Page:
Three Ways To Be A Persuasive Communicator
The ability to communicate effectively can make or break a person's assessment of your intelligence, competence and authenticity. Just look at today's political landscape as an example. President Donald Trump has a brash, tell-it-like-it is style of communicating that is highly controversial but resonates with many supporters. In contrast, former President Barack Obama is often hailed as one of our nation's greatest orators for his poise and eloquence although detractors often found fault with the message.
In a recent article, Thrive Global staff writer, Stephanie Fairyington turned to communication expert Geoffrey Tumlin to explain how certain speakers are poised with certain skills to make them appear more powerful and persuasive. Tumlin, who is the author of Stop Talking, Start Communicating, puts Oprah Winfrey and Madeleine Albright in the same communicator category. "Oprah," he says, "is a great example of connection plus preparation and someone who lets you really see who she is."
In this issue of Promotional Consultant Today, we share Tumlin's three musts for powerful and persuasive communication, highlighted in Fairyington's recent article.
1. Be Still. Learning to harness uncontrolled energy and erratic movements while talking, whether in a meeting at work or on stage in an auditorium, will give the impression that you are calm and in command. "There's a lot of good research that suggests that we project influence and status on people when they aren't fidgeting around a lot when they are talking to people," Tumlin says. According to Tumlin, Obama is a master communicator because he has the skill of stillness. He projects a sense of calm. Tumlin says that there is something soothing and powerful about someone who can project a sense of calmness and composure.
2. Steady Your Emotions and Be Prepared. It doesn't matter if you're preparing for a one-on-one meeting or presenting a TED Talk, it helps to do your homework before opening your mouth. When there's an intense underlying emotion beneath the desire to communicate something, we tend to hyper-express a messy tangle of words that fail to capture what we're really trying to say. Instead, take time to find your center, perhaps with a breathing exercise or five minutes of meditation, and prepare.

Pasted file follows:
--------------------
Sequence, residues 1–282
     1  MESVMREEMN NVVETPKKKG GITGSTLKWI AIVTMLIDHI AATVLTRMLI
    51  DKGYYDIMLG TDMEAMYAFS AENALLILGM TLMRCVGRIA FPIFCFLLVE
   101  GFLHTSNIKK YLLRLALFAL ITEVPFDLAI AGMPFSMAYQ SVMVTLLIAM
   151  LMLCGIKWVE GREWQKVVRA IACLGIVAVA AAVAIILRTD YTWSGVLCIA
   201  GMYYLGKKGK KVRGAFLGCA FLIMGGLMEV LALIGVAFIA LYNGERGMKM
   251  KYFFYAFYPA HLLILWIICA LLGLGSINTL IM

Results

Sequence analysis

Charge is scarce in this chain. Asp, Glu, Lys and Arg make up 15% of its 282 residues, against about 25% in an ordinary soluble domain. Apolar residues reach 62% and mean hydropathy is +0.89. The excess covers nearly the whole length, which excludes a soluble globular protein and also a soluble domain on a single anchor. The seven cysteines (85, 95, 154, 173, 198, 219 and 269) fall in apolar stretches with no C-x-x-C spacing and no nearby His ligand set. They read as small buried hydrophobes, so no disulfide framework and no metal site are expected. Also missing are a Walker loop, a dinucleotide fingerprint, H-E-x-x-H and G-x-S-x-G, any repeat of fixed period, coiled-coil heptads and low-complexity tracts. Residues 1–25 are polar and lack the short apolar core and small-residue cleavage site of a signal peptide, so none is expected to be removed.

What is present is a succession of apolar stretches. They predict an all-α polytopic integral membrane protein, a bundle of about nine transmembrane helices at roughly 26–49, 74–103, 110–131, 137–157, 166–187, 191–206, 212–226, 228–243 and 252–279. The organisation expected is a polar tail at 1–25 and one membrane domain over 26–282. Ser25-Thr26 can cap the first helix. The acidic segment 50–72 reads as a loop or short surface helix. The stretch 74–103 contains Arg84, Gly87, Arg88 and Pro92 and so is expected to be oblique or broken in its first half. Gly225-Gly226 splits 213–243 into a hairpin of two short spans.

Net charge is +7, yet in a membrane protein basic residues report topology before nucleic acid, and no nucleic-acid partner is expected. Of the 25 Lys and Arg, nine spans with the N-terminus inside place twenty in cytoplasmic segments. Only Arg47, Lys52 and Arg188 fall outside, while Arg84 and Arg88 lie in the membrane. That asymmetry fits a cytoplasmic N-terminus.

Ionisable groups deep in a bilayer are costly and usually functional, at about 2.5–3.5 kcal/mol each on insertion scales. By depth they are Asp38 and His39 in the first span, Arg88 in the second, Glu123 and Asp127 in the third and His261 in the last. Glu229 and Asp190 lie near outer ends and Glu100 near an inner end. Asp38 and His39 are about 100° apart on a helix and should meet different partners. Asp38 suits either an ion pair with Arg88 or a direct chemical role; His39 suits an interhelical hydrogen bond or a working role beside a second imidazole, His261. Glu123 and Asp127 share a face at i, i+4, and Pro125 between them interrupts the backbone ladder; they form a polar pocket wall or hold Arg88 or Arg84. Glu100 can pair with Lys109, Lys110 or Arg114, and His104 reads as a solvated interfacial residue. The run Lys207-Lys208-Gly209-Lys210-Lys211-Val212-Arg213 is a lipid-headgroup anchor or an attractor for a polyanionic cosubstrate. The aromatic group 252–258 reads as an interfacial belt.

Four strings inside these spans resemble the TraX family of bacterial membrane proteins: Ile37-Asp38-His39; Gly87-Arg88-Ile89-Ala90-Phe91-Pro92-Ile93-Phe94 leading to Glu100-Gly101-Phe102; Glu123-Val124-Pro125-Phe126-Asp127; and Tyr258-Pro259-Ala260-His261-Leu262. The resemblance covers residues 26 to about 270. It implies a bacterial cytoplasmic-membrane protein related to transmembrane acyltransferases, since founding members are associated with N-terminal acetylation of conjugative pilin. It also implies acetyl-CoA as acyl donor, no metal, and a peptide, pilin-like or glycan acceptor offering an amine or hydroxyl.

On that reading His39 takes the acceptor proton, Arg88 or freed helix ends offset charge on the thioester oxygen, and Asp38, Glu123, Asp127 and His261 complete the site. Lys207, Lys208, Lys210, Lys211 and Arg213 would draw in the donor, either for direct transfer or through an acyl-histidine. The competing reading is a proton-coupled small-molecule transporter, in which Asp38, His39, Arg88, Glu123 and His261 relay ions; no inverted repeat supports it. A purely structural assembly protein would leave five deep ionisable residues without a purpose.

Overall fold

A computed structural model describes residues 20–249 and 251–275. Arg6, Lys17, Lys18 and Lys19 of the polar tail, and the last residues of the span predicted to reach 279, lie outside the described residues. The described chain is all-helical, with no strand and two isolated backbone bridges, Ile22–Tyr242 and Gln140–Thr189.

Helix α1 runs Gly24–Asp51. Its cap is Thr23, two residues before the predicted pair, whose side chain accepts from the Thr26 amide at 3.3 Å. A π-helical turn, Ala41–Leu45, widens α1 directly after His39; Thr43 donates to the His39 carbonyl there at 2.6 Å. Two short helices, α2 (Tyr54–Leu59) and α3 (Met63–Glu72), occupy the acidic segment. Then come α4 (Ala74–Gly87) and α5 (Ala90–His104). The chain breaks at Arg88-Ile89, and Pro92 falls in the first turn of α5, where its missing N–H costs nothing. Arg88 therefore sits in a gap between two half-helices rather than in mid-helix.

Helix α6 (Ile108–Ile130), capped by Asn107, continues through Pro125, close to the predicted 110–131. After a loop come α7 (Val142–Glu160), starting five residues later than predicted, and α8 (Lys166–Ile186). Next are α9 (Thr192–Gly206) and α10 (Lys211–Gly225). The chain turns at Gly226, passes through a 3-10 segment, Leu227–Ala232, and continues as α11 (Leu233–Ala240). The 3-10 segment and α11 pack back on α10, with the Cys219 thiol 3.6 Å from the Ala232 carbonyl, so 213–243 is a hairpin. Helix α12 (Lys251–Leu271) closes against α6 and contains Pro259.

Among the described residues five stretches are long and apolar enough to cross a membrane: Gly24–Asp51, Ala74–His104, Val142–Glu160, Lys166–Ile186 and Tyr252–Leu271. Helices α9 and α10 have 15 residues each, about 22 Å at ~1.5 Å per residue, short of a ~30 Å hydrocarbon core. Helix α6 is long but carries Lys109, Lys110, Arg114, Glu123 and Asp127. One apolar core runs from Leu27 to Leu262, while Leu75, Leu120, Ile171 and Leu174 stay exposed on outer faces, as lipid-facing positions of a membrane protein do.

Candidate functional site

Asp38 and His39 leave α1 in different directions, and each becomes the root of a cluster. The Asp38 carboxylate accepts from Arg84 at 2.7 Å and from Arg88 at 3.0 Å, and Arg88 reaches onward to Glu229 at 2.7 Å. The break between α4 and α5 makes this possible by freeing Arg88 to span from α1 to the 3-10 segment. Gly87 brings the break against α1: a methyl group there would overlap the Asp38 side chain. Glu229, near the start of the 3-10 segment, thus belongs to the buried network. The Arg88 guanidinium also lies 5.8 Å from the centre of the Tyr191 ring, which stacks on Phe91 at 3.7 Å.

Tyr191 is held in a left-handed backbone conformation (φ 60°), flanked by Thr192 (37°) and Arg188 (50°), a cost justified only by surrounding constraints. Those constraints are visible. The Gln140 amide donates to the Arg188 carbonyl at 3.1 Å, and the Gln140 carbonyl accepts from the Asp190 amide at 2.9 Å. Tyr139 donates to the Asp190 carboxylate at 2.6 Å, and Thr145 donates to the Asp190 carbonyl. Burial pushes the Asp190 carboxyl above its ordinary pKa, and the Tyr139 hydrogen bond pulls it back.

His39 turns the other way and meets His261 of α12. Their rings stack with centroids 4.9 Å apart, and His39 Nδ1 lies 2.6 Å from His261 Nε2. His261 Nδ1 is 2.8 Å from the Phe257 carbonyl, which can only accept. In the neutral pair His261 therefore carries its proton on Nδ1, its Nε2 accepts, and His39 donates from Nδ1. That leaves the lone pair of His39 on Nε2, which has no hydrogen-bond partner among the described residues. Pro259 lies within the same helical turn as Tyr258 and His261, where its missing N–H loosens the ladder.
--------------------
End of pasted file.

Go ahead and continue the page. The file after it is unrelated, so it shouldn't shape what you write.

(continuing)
As Tumlin points out, we tend to spend a great deal of time preparing for public speaking engagements out of fear of looking unprepared. However, our most critical dialog often comes in the form of one-to-one conversation, for which we often don't practice or prepare. When it's a serious conversation that involves family or friends, we usually don't prepare because we don't have the same fear of these conversations as we do with public speaking. However, as Tumlin points out, those are often where the most important dialog happens. So, prepare for it. Period."
3. Be Yourself. Tumlin says that the goal of interpersonal communication is to be yourself, and when you appear authentic, then you drive influence. Again, he points to Obama and Oprah Winfrey has examples of highly influential people who come across as very authentic. And he points out that authenticity can bring you unexpectedly high returns.
Whether you have a presentation or an important one-on-one conversation, use these skills to drive influence.
Source: Stephanie Fairyington is a staff writer at Thrive Global. A New York-based journalist, her work has appeared in The New York Times , The Atlantic (online), The New Republic (online), The Boston Globe and several other publications. She lives in Brooklyn, New York, with her spouse Sabrina and daughter Marty.